Tue, Apr 23, 2019 - Page 8 News List

Effects of Japanese military change

By Manik Mehta

The transformation of Japan’s post-war “peaceful” armed forces into an offensive military could have profound implications for the region, including Taiwan. The transformation might come about in the face of challenges in Japan’s neighborhood — particularly the emergence of nuclear North Korea and China’s growing assertiveness — but also the growing doubts over the reliability of the US to provide security.

The New York-based Council on Foreign Relations, the US’ leading think tank on foreign affairs, recently held a discussion on Japan’s possible militarization while launching a new book called Japan Rearmed: The Politics of Military Power, whose author, Sheila Smith, a senior fellow for Japan studies at the council, was quizzed by council president Richard Haass, a noted US foreign policy expert and an author of several books on foreign policy issues.

Smith, considered an authority on Japan and US-Japan ties, said that Article 9 of the Japanese constitution, effective since May 3, 1947, prohibits war as a means of settling international disputes involving the state. Under this article, Japan renounced the sovereign right of belligerency, and committed to work for peace through diplomacy and other state means.

However, Japan already maintains de facto armed forces, referred to as the Japan Self-Defense Forces. In July 2014, the Japanese government approved a reinterpretation that gave more powers to the Self-Defense Forces, allowing them to defend other allies in case of war being declared upon them, despite opposition from China, South Korea and North Korea. The US supported Japan’s move.

Smith explained the nuance in her book’s title — Japan Rearmed, rather than “Japan rearming.”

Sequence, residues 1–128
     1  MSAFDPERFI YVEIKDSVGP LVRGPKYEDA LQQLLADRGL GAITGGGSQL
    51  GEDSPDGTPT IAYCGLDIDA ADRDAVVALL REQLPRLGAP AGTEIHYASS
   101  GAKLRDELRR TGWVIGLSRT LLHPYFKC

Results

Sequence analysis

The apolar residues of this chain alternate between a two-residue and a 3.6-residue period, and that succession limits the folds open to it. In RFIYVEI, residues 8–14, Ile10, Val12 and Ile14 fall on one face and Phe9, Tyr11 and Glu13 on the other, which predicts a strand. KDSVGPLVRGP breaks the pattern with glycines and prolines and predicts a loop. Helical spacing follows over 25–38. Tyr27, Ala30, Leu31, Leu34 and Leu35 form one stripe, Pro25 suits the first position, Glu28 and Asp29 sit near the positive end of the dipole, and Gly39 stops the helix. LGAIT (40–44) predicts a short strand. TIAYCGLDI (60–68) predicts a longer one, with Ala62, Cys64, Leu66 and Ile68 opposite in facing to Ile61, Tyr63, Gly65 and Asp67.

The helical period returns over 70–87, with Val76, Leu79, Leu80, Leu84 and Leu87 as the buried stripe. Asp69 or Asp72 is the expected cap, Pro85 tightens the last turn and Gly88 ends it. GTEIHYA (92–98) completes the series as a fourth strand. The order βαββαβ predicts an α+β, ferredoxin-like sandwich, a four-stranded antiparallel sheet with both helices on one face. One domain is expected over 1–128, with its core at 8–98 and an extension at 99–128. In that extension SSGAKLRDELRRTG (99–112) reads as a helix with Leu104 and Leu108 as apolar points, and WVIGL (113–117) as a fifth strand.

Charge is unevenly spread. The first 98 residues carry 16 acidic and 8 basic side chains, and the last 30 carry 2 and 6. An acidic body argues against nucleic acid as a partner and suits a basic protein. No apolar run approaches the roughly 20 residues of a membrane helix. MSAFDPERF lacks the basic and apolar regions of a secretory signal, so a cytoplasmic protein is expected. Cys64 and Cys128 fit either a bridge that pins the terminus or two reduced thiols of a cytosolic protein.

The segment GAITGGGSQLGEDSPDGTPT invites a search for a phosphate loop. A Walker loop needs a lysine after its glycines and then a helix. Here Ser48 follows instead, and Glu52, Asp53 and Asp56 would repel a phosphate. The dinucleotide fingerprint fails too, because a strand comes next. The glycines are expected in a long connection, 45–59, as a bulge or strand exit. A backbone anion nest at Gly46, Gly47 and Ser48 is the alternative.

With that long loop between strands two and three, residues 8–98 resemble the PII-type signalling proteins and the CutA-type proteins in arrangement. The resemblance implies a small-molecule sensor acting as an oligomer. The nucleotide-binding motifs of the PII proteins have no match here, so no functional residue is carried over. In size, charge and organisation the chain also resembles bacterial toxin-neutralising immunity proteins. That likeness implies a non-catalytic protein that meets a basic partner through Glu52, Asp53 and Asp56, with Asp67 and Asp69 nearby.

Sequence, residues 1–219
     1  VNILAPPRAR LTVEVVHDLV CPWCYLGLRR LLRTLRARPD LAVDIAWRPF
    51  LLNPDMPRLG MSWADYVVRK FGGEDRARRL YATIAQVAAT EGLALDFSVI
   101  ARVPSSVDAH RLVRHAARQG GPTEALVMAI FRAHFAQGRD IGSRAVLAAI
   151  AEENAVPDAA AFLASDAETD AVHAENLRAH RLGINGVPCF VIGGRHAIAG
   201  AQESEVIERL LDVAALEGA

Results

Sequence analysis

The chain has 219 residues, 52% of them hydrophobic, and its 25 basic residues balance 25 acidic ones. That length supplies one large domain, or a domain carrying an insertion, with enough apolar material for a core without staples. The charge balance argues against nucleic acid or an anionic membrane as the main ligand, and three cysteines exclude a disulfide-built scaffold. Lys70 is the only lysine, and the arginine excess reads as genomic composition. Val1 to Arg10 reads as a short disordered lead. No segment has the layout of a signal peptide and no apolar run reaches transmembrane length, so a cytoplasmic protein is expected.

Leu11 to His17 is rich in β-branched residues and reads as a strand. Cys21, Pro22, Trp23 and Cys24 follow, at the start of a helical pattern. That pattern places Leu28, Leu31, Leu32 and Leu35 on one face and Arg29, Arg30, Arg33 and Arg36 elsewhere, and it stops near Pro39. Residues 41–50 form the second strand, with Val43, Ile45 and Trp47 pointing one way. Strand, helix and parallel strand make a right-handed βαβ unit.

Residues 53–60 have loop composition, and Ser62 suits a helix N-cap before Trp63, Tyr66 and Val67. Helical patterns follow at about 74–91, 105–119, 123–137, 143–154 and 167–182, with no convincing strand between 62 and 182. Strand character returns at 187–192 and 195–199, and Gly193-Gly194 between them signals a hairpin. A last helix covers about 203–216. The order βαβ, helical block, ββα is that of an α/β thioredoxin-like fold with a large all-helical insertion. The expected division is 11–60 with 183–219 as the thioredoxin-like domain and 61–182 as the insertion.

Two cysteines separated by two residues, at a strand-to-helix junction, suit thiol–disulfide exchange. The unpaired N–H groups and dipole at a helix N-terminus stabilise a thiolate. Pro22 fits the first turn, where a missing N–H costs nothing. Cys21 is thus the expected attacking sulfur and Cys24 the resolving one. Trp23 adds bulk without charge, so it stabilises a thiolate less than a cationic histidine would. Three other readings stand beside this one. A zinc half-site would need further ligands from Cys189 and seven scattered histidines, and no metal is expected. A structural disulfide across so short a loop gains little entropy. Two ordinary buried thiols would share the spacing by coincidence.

“The point of the book, really, is to acknowledge that Japan has been a major military power for decades, despite the debate over its constitution and despite its hesitancy in the use of force, particularly in coalition and offshore of Japanese territory. The Self-Defense Force has been very limited in the scope it’s been given, but it is a significant military power. And so I wanted to make sure that we were talking not about yesterday’s headlines, but we were really talking about the changing debate in Japan about how that military power is used as part of Japanese national strategy,” she wrote.

While Haass considered Japan one of the world’s leading, but more underestimated military powers, Smith said that it has been very good for Japan to continue to reiterate — as Japanese Prime Minister Shinzo Abe and his predecessors did — that Japan and Japanese are committed to peace.

Smith said that there was a rethinking in Japan about Article 9 governing the armed forces.

“And the last significant policy change that involved reinterpretation [of Article 9] was when the Abe Cabinet in 2014 said we are going to allow our military to operate and use force alongside other national militaries, again, for the purpose of Japanese security. So [this is] still within this constraint, but much more elastic than it’s ever been in the past,” she wrote.

What will this mean for Taiwan?

Taiwan, as Haass put it, is an issue “that doesn’t perhaps get the attention it should, and there’s those of us who think that it’s something of a sleeper issue and the potential for crisis there is greater than is generally appreciated.”

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